What's Cookin' Doc?
|What's Cookin' Doc?|
|Merrie Melodies (Bugs Bunny) series|
|Directed by||Robert Clampett /I. Freleng (One scene)|
|Produced by||Leon Schlesinger|
|Story by||Michael Sasanoff|
|Voices by||Mel Blanc
Robert C. Bruce (uncredited)
|Music by||Carl W. Stalling|
|Animation by||Bob McKimson
Rod Scribner (uncredited)
|Distributed by||Warner Bros. Pictures, Inc.|
|Release date(s)||January 8, 1944 (USA)|
|Running time||8:08 (one reel)|
What's Cookin' Doc? is a 1944 Warner Bros. cartoon in the Merrie Melodies series, directed by Bob Clampett and starring Bugs Bunny. The title is a variant on Bugs' catch-phrase "What's up Doc?". It also hints at one of the scenes in the picture.
The plot centers on the Academy Awards presentation. The action begins with actual color film footage of various Hollywood scenes (edited from A Star Is Born), narrated by Robert C. Bruce. It leads up to the Big Question of the evening: Who will win "the" Oscar? The film shows the stereotypical red carpet arrivals of stars, as well as a human emcee starting to introduce the Oscar show.
At this point the film switches to animation, with the shadow of a now-animated emcee (and now voiced by Mel Blanc) continuing to introduce the Oscar, and Bugs (also Mel Blanc's voice, as usual) assuring the viewer that "it's in da bag; I'm a cinch to win". Bugs is stunned when the award goes instead to James Cagney (who had actually won in the previous year's ceremony, for Warner's Yankee Doodle Dandy). Shock turns to anger as Bugs declares the results to be "sa-bo-TAH-gee" and demands a recount.
Bugs then tries to make his case by showing clips from Hiawatha's Rabbit Hunt (which includes clip of Hiawatha attempting to "cook" the rabbit) as proof of his allegedly superior acting (an inside joke, as the cartoon had actually been nominated for an Oscar and lost). He hurls a set of film cans off-screen and tells someone named "Smokey" to "roll 'em!" Bugs tells the audience that these are some of his "best scenes". Immediately a "stag reel" (with the title card depicting a grinning stag) starts to roll, and the startled Bugs quickly stops it and switches to the right film.
Finally, he pleads with the audience, "What do you say, folks? Do I get it? Or do I get it?" (echoing Fredric March's drunken appeal to the Academy Award banquet audience in A Star Is Born). The emcee asks the audience (in an affected nasal voice), "Shall we give it to him, folks?" and they yell, "Yeah, let's give it to him!" whereupon they shower Bugs with fruits and vegetables (enabling him to briefly do a Carmen Miranda impression)... and an ersatz Oscar labeled "booby prize", which is actually a gold-plated rabbit statue. Bugs is so pleased at winning it, he remarks, "I'll even take youse to bed wit' me every night!" The statue suddenly comes alive, asks in a voice like that of radio character, Bert Gordon, "Do you mean it?", smooches the startled bunny, and takes on an effeminate, hip-swiveling pose. The screen fades out, Clampett's famous vocalized "Bay-woop!" is heard, and the "That's all, Folks!" card appears.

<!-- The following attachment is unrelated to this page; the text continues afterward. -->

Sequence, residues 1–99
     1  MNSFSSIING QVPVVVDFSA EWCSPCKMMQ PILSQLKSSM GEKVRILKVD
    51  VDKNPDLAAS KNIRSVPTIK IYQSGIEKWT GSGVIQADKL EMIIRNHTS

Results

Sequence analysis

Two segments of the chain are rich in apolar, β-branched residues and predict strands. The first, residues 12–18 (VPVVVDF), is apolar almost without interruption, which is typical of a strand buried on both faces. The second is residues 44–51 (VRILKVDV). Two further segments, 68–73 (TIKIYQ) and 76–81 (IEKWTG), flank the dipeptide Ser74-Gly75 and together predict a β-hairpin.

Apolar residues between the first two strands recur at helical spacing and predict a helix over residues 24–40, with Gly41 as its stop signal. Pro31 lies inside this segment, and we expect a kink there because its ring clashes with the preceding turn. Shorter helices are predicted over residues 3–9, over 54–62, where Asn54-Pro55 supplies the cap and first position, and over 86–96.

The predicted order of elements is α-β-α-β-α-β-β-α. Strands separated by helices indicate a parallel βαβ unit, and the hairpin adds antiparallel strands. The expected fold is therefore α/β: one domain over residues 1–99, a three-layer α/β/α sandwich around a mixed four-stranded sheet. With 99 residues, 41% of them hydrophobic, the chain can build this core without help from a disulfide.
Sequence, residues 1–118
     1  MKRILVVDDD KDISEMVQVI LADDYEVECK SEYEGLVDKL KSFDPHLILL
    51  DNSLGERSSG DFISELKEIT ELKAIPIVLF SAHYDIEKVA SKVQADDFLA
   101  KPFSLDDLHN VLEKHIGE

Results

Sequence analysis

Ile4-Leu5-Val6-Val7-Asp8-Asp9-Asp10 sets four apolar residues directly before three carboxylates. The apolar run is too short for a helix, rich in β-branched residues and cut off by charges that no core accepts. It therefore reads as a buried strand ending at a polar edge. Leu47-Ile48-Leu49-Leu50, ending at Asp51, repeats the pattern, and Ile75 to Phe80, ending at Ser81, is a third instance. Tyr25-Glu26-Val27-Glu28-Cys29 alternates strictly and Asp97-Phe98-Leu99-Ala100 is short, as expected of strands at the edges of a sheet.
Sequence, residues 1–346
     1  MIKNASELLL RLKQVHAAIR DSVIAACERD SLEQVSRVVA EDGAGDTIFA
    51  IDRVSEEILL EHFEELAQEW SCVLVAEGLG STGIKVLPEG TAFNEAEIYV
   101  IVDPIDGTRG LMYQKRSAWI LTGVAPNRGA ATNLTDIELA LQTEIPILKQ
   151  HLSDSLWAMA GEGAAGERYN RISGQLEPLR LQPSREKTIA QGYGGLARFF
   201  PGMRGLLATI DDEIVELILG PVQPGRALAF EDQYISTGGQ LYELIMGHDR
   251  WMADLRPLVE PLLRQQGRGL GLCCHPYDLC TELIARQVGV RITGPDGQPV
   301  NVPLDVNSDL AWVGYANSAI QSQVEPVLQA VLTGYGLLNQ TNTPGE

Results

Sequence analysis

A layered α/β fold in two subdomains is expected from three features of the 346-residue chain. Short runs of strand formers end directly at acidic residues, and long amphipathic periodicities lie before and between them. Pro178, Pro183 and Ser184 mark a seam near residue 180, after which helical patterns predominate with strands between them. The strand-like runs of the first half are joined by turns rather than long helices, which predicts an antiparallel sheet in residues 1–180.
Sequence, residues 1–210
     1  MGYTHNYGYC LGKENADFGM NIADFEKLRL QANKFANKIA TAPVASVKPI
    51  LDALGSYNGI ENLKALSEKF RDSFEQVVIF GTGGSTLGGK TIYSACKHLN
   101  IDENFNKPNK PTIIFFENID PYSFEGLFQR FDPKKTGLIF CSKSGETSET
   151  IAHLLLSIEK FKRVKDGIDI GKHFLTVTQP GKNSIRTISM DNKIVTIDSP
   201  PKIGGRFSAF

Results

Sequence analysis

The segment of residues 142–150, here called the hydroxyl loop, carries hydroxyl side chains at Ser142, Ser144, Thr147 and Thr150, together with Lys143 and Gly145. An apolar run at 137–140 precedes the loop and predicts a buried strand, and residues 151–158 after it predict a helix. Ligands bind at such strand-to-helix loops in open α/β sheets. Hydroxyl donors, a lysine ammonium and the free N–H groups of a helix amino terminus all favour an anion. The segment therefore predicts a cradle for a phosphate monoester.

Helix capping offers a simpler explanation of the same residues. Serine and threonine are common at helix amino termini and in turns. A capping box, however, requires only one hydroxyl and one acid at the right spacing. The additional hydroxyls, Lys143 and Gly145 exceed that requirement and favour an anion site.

- This was one of twelve Bugs Bunny cartoons to be pulled from Cartoon Network's "June Bugs" 2001 special by order of AOL Time Warner, due to comic stereotyping resulting from the inclusion of the Hiawatha's Rabbit Hunt clip. However, this cartoon's stereotypes are light compared to the more controversial animated pieces that never made it to air—such as Friz Freleng's Bugs Bunny Nips the Nips and Tex Avery's All This and Rabbit Stew—and has aired on The Looney Tunes Show and on The Bob Clampett Show.
The short occurs in its entirety in the documentary Bugs Bunny: Superstar Part 1, which is available as a special feature on Discs 1 and 2 of the Looney Tunes Golden Collection: Volume 4, although it has not been refurbished or released independently in that series. It also appears as a bonus short on Warner Bros. Home Entertainment Academy Awards Animation Collection disc 3.
|This article needs additional citations for verification. (March 2008)|
- According to IMDB, this is a reference to Schlesinger cameraman/projectionist Henry "Smokey" Garner. Director Bob Clampett later confirmed this in a later 1969 Funnyworld magazine interview. That small clip is now used frequently in the special features for the first volume of the Looney Tunes Golden Collection.
- Even though this was on the list of "banned" Bugs Bunny cartoons, What's Cookin' Doc? was aired on Cartoon Network on June 2, 2001, late at night. [Source: http://www.davemackey.com/animation/wb/1944.html]
- Looney Tunes and Merrie Melodies filmography (1940–1949)
- List of Bugs Bunny cartoons
- Mickey's Gala Premiere
- Mickey's Polo Team
- Mother Goose Goes To Hollywood
- The Autograph Hound
- Hollywood Steps Out
- Hollywood Daffy
- Slick Hare
Little Red Riding Rabbit
|Bugs Bunny Cartoons
Bugs Bunny and the Three Bears